Tucson Tea Company: To a T and then some

August 3, 2022
By Rita Connelly

A cup of Tea makes everything better

Tucson Tea Company has only been in business a little over a year and a half. Since that time, thanks to two passionate people who love tea and use it in their business practice, the company has grown from a small inventory of loose leaf teas to 120 different blends.

They’ve already received a “Best Food Truck”, “Best Farmers’ Market Vendor”, and “Best Tea” nomination from Tucson Weekly. Call it Kismet; call it a simple need for a product, Tucson Tea is changing the tea scene in Tucson.

Tucson Tea Company
Photos courtesy of Tucson Tea Company

Yvette-Marie Margaillan is a licensed, board-certified Behavioral Therapist who specializes in working with children with autism. Her company is called Autism Pediatrics.

“Tea has always been a part of my home’s culture and my husband’s,” she said.

During the pandemic, she was looking for ways to help her clients develop coping mechanisms. One included breathing exercises. The other included teaching them about the benefits of tea.

“Herbal teas, non-caffeinated things,” said Margaillan.

Tucson Tea Company
Photos courtesy of Tucson Tea Company

She sourced her teas from a client of her husband, Eddie Diaz, who is a software developer. Diaz had worked with the owner of Thunder Mountain Tea, Susan Nunn, for years.

“So, one day she tells us that the pandemic was too much. She was going to close down her tea company,” said Margaillan. The couple was a little concerned as Nunn’s company, based in Boise, Idaho, was the source of the tea used in therapy. Plus, they loved her teas.

If this were a movie, the next shot would be of Yvette-Marie and Eddie looking at each other with an “aha!” moment look on their faces.

They offered to purchase the remaining stock if Nunn would teach them the ins and outs of purchasing, blending, and the like. The name came from a midnight search on the internet, where Margaillan discovered no one owned the name Tucson Tea. Voila!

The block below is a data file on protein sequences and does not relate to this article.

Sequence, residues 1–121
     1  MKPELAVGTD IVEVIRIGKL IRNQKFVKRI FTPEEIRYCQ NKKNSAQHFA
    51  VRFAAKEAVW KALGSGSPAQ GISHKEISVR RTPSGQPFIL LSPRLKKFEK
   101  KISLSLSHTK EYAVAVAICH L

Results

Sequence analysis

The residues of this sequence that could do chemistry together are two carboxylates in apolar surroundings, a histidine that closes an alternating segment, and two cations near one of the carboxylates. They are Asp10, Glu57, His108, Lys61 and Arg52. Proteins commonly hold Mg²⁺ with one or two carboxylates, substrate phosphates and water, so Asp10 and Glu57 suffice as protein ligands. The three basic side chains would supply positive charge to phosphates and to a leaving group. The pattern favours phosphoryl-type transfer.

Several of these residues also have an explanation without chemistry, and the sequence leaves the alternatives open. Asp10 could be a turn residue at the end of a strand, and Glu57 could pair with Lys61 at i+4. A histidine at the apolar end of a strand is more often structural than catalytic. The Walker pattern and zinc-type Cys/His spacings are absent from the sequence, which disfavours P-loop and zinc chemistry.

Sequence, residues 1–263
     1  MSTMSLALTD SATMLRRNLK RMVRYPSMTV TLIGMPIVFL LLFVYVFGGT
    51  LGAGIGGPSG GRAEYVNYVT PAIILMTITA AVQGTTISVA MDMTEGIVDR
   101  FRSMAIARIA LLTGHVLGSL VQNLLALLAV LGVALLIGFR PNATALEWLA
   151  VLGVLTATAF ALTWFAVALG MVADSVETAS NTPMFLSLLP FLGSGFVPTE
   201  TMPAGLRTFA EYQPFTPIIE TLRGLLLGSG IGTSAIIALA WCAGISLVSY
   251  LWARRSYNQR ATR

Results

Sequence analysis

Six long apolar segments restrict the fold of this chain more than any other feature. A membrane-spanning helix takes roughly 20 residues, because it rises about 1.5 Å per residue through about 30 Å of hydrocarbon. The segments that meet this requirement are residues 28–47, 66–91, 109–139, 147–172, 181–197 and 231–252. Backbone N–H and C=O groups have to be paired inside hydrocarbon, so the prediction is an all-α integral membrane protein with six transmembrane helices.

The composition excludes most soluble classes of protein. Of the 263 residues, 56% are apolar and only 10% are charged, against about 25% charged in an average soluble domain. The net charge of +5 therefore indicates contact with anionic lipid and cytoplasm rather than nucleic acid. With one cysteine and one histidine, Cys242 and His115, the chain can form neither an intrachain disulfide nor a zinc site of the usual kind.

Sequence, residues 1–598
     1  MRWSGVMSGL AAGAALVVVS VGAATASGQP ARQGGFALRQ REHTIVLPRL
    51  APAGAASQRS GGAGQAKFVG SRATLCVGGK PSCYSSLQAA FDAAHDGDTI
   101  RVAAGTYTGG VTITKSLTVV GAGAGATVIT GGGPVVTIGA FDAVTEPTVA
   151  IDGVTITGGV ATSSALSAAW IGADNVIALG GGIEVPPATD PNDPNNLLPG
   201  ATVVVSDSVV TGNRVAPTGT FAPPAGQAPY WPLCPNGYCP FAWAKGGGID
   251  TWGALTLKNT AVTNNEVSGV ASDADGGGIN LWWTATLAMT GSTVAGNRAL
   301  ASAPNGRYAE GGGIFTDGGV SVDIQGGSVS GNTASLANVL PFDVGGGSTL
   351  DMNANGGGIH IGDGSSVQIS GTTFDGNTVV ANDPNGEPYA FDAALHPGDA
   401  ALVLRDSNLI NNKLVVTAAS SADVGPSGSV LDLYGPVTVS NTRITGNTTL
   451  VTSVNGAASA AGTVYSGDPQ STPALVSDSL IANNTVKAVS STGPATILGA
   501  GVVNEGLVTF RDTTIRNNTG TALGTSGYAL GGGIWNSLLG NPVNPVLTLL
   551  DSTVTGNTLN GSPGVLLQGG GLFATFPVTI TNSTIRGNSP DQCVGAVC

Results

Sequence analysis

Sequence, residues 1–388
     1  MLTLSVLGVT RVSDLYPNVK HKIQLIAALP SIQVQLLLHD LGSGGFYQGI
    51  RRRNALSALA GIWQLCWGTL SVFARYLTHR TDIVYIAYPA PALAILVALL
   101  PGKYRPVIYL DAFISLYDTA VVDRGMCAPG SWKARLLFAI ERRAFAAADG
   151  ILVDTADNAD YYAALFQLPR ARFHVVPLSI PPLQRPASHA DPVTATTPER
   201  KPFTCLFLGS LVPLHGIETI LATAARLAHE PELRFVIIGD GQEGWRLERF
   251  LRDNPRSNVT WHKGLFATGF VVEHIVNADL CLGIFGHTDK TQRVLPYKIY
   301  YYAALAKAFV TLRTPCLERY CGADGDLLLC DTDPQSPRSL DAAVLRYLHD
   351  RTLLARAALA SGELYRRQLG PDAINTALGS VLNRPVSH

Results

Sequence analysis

Over the next several months, Nunn taught the couple about all aspects of the tea business.

The adventure begins with tea

Tucson Tea specializes in small-batch, loose leaf teas. Why loose leaf? Because to quote their website they “want to bring joy to tea drinkers and non-tea drinkers alike,” and because tea found in most tea bags is usually the “dust” which can be tired and bland.

The list of teas is long and varied: black teas, green teas, chai, herbal teas and tisanes, oolongs, white teas, rooibos, teas blended for making iced tea, and teas that promote health and wellness. Some teas are caffeinated, others are caffeine-free. The most exciting part among each of those options, tea lovers will find a multitude of flavors and blends.

Tucson Tea Company
Rooibos Chai (Photos courtesy of Tucson Tea Company)

“We are very big advocates of getting specific tea from specific sources,” said Margaillan. “We get our green tea imported from Japan. The white tea, the best in the world, comes from China and so we get it from very specific provinces where it’s ethically grown.”

The black teas come from India specifically from Assam, India. They range from a simple English Breakfast tea to a blended fruitier pomegranate to a delightful dessert tea called S’mores Campfire. Okay, for that last one, it really doesn’t mean you can only drink it after dinner. Have it with your morning bagel.

“And we also get rooibos tea from South Africa and other countries in Africa,” said Margaillan. “It’s not a true tea but Africa has its own way of making tea.”

And that begs the question: How to you make all these different teas?

Tucson Tea Company
Photos courtesy of Tucson Tea Company

“Whenever people ask me what’s the right way to drink tea, I say ‘There’s really no right way to drink tea, it’s really how you want to,’ but I personally like drinking tea how the country of origin drinks their tea,” she added.

That may take a bit of research because tea drinking in Japan is certainly different from high tea in England, so Margaillan and Diaz hope to include lessons in tea drinking when they open their brick-and-mortar store in the near future.